I am interested in the roots of masculine-feminine differences in nature and nurture. I want experts to tell me if I have this right or wrong. Cultural influences on where a person operates along the masculine-feminine continuum include norms, expectations, and approval/disapproval. One tends to do what he or she is encouraged and rewarded for doing. Repeated behaviors create and deepen neuropaths, creating habits. Cultural influences seem to reinforce physiological differences. Nature and nurture collaborate. The good news is we are not hard wired. We – and our brains – can change. Both men and women can learn and use both masculine and feminine strengths to be more effective.
Men in my workshops used to hesitate to claim feminine strengths, perhaps concerned they would be called a “sissy.” In my book and workshops, I use prototypes for masculine and feminine – Max and Fran. Men in our workshops seem comfortable acknowledging their “Fran” strengths. Maybe it is because more of them understand the value of gender diversity. Some may be convinced, e.g., by the work of McKinsey & Co. and John Gerzema, that leadership must include feminine as well as masculine perspectives. Valuing feminine strengths personally enables authenticity, effectiveness and health. Valuing feminine strengths in others contributes to inclusivity, which drives engagement and results.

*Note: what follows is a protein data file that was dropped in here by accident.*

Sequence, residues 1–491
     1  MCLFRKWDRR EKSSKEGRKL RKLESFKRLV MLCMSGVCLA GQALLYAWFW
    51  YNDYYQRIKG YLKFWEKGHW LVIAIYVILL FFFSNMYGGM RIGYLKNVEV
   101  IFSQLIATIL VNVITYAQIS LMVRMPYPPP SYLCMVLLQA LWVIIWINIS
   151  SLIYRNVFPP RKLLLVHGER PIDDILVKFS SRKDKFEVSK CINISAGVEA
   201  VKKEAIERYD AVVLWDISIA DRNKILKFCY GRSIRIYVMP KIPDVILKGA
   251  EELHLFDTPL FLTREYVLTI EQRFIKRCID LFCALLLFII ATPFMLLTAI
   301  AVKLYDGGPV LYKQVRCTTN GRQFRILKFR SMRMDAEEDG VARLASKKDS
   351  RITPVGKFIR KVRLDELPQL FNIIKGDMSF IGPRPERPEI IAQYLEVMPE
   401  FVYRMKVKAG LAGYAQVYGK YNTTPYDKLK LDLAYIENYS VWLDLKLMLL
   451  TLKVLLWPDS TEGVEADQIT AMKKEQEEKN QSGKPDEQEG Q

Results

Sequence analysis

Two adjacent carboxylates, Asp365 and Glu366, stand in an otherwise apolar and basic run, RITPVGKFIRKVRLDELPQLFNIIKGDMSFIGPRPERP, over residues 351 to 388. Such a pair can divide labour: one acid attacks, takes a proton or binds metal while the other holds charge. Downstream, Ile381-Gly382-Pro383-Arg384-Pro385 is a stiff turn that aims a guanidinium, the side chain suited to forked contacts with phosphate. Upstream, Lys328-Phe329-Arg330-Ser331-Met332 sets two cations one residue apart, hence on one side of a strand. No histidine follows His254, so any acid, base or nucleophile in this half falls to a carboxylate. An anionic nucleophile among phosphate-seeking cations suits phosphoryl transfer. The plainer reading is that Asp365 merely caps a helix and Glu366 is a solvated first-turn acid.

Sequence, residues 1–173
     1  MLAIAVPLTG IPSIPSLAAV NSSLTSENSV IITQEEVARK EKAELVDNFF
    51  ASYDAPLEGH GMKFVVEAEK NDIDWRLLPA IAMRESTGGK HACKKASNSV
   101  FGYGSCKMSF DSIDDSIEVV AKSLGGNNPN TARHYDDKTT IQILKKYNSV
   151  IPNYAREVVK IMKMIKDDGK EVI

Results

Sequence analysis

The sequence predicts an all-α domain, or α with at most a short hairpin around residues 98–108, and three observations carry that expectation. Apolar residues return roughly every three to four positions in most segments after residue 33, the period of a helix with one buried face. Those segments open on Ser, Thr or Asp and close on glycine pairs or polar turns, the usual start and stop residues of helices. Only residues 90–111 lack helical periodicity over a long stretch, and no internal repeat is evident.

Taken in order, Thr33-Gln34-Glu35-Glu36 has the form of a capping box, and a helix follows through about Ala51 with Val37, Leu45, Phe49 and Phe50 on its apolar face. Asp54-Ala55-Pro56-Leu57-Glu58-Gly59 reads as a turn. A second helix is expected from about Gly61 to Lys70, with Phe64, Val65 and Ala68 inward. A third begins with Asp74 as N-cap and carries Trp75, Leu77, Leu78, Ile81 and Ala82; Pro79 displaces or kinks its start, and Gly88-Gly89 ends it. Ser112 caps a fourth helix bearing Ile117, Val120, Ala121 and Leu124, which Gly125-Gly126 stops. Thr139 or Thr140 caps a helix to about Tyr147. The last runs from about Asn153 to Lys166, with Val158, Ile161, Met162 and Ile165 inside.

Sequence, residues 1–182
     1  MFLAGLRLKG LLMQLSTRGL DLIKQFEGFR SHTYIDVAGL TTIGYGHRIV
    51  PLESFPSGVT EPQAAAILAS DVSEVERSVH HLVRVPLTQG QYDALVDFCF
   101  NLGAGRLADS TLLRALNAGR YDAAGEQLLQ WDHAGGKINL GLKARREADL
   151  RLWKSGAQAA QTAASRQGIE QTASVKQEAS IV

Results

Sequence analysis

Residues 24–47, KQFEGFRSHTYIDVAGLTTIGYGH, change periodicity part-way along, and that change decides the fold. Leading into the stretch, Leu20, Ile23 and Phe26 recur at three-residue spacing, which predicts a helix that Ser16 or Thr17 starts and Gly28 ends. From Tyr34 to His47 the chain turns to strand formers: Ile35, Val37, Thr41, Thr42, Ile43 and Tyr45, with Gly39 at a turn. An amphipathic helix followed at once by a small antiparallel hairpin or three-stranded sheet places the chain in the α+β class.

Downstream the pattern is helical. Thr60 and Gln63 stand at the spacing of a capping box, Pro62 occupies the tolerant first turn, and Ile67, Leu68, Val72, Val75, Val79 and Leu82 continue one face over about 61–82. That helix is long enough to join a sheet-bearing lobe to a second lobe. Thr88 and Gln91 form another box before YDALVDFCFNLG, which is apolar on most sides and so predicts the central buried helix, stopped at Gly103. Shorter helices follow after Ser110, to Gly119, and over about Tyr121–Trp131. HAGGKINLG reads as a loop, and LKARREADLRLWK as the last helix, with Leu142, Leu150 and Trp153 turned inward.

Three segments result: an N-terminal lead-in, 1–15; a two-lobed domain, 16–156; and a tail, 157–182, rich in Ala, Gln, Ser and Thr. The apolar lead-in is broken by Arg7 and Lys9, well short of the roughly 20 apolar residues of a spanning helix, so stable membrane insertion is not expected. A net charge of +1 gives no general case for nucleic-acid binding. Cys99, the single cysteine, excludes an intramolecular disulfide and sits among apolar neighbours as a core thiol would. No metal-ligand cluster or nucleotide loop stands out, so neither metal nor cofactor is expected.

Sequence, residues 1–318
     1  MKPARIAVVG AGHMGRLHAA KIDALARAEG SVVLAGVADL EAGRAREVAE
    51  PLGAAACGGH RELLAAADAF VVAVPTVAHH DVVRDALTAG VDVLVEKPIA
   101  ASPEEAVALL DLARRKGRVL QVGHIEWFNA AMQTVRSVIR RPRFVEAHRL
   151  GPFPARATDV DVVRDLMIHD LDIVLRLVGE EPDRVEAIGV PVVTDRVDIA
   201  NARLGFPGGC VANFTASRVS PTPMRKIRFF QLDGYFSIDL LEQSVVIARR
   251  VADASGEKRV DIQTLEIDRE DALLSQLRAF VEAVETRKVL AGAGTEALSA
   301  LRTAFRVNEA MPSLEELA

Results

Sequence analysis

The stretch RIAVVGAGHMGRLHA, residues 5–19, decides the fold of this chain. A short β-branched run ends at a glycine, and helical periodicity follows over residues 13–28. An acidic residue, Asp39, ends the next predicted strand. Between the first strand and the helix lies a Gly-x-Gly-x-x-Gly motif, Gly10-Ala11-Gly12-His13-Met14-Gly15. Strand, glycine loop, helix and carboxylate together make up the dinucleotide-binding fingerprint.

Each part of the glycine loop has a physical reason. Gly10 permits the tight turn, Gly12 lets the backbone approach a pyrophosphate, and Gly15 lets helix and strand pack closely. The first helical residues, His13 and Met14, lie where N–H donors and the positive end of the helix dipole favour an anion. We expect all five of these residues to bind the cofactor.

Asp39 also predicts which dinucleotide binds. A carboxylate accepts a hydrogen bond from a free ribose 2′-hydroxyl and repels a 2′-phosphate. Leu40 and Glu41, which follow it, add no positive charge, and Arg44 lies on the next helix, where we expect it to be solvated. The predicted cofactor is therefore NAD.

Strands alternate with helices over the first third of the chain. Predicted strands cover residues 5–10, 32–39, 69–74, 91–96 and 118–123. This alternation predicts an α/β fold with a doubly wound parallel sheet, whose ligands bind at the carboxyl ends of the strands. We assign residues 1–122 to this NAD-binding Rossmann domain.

I am fortunate to have been able to travel a great deal recently. When I travel, what I read in history books or hear on the news becomes more real. I pay attention to news of places where I have been. I can imagine people in Delhi, Munich, Beijing, Cairo and Istanbul. Awareness and appreciation of difference makes me glad I am in the field of diversity and inclusion.
In my book and blogs, I explore differences in masculine and feminine approaches to work — e.g., the value of relationships, structure, decision-making, work style and communication style. There are strengths and limitations to the feminine approach. One limitation is in selling products, services and one’s self. The feminine approach avoids the hard sell and tooting one’s own horn. I teach this difference. Yet I am personally hampered by the feminine approach to self-promotion. I have hired a coach to help me LEARN to toot my own horn and be more effective at having others see the value of what I offer.
Why do I focus on a specific form of diversity (gender or generational differences at work) rather than more broadly on diversity and inclusion? I take an inductive approach, believing that awareness of the value of one form of difference can be applied to other forms of difference. Why not start with the largest group under-represented at leadership levels (women)? As a white woman, I have more credibility on the issue of women in business than on race or sexual orientation. We have lots of opportunity to practice on gender differences. I want both masculine and feminine strengths applied to solving the big issues facing the world; having a balance of men and women makes that more likely. That’s why.